Elizabeth Street Pumphouse
The Pumphouse is located at the bottom of Elizabeth Street at Lake Ontario, next to 40 Mile Creek.
It began in 1905 when Dr. James Morris, a member of the village council, (Grimsby became a town in 1922,) suggested that they create a modern filtration system. Previously, villagers obtained drinking water by filtering water from intakes at the pier through buckets of charcoal. The cost to build the pump house, and the 90,000 gallon, gravity-feed escarpment reservoir was $40,000.
Although the pump house wasn't built until 1905, the land had a history that went back to almost a hundred years. There is a local War Memorial to the The Engagement at the Forty. It reads:
"Here at the Forty Mile Creek, on the 8th of June 1813, American Forces, retreating after the battle of Stoney Creek, were bombarded by the British Flotilla under Sir James Lucas Yeo. Indians and groups of the forth and fifth Regiments Lincon Milita joined in the attack and created such confusion in the enemy ranks that they abandoned this position and retreated to Fort George."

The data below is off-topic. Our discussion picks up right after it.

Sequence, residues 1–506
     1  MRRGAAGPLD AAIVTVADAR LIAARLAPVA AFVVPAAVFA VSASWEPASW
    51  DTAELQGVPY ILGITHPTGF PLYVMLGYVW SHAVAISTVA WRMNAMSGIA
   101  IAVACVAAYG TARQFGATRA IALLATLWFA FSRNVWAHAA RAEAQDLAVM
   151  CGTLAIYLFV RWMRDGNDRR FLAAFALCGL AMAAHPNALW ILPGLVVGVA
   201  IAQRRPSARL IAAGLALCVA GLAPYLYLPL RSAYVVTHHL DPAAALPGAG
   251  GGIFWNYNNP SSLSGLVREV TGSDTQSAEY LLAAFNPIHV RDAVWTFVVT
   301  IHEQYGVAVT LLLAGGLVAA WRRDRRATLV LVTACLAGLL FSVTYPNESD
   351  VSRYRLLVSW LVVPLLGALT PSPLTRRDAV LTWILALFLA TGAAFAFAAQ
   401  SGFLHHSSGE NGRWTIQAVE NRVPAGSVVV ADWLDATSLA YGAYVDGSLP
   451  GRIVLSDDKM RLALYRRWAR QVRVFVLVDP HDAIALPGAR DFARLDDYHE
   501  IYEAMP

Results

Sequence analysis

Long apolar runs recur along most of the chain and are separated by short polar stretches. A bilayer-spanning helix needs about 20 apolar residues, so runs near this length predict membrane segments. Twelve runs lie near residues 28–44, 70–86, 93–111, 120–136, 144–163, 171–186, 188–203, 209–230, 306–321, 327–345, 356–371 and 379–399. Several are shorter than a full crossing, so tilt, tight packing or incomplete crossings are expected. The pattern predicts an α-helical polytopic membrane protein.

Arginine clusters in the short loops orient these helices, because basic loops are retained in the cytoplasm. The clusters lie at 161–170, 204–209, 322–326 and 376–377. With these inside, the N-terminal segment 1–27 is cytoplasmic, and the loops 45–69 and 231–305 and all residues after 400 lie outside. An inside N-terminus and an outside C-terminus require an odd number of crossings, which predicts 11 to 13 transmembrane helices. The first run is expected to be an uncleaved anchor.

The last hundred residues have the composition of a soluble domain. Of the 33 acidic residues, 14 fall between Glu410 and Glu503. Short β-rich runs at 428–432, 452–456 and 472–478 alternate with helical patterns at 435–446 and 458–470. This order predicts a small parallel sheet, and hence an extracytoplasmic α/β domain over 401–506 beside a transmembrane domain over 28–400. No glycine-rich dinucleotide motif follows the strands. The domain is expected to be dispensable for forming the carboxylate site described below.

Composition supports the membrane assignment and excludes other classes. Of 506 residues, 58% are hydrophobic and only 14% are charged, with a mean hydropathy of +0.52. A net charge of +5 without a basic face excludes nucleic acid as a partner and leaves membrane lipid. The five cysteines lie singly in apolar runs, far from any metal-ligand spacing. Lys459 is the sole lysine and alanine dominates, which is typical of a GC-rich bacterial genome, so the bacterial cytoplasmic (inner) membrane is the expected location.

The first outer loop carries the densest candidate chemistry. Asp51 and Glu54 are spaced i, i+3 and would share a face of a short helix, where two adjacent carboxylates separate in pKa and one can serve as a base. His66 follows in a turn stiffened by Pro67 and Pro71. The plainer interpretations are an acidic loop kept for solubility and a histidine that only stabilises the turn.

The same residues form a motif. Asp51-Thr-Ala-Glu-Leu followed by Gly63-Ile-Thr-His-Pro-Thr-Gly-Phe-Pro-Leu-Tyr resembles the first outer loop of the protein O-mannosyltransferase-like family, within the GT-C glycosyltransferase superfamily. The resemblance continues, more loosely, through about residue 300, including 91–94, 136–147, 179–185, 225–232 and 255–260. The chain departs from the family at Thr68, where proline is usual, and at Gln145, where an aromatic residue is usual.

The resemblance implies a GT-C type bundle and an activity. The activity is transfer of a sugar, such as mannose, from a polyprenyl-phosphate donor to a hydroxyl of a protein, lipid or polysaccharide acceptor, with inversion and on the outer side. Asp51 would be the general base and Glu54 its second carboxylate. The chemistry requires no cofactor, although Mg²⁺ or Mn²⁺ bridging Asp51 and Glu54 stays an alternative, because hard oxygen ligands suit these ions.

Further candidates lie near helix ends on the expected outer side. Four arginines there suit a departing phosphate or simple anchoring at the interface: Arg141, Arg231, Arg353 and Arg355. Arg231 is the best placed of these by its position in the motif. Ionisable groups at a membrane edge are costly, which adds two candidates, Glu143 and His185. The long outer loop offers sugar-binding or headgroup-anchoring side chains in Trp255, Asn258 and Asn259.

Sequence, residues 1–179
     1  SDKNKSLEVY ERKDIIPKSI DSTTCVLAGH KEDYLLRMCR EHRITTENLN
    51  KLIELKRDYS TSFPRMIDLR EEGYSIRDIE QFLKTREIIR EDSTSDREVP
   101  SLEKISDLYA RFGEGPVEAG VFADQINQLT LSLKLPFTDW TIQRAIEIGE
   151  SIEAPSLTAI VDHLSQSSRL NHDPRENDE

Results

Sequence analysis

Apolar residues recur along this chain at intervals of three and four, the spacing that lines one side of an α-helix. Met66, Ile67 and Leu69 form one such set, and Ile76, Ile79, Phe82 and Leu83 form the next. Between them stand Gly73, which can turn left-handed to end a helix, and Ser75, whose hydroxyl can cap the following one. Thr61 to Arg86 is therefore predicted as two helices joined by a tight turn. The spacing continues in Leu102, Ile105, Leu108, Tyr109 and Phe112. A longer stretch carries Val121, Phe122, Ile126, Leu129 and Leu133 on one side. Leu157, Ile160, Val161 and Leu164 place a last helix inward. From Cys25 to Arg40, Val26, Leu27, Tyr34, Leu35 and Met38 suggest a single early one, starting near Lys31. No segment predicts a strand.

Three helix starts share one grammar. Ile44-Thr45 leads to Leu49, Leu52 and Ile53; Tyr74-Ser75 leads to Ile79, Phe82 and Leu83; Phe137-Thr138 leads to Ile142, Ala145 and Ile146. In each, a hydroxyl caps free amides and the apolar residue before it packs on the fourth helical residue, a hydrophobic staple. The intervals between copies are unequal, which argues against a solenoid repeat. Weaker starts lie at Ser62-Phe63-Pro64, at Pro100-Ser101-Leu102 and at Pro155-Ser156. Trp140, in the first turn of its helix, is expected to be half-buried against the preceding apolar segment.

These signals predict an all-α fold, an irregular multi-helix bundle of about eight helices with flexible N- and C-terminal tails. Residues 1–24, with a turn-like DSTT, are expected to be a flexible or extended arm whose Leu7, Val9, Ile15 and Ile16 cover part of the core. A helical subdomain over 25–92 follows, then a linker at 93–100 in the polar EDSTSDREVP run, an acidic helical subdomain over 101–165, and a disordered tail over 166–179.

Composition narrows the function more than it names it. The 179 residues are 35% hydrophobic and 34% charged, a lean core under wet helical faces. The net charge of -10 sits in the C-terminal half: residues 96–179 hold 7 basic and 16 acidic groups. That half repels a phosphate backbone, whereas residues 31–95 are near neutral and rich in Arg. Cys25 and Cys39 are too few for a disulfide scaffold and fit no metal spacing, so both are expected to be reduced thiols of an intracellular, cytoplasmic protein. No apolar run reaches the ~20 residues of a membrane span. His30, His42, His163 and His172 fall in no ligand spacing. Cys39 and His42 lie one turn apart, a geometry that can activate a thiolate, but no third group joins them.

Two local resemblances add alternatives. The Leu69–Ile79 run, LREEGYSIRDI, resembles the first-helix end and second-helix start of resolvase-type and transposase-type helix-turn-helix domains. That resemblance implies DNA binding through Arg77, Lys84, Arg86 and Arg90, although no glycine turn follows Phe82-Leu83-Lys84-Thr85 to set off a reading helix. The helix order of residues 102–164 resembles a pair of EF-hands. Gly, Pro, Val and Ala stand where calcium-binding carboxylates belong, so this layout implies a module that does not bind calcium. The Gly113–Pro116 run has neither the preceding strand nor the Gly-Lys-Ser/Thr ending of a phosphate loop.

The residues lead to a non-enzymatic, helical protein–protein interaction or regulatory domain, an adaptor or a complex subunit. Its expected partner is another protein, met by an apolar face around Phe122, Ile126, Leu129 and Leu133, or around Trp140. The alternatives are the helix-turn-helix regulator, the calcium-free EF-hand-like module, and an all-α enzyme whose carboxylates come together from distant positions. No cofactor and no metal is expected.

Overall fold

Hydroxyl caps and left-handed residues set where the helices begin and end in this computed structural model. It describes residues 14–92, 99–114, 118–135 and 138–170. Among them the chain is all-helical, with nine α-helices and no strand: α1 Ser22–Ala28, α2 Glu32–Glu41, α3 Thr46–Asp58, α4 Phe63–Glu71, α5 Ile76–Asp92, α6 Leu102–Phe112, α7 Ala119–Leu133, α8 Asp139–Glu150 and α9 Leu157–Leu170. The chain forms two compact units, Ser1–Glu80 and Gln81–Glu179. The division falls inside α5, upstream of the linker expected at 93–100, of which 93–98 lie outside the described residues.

This battle was significant in keeping the Niagara peninsula under British control.
After the pump house was built in 1905, it was used for almost 80 years. Workers would check the reservoir's water level using a telescope to look for a float on a rubber diggy in the reservoir. The reservoir and pumphouse were decommishioned in 1981, when the region took control of the water filtration system.
It is now commonly referred to as the Pumphouse, and it is an excellent example of the typical municipal buildings from the early 20th century. Some of the architectural highlights included:
- It was built in a Romanesque style, which means it features semicircular fanlight window and doors.
- Wrought iron cresting atop the roof and pressed tin ceilings.
- Originally featured a large rose garden, but this has been replaced by the 1812 International Peace Garden.
Then, in 1999 the Grimsby town council voted to restore the pumphouse to be used as an interpretive centre and meeting room. One of long-standing groups using the facility is the Lakeside Pumphouse Artists' Association.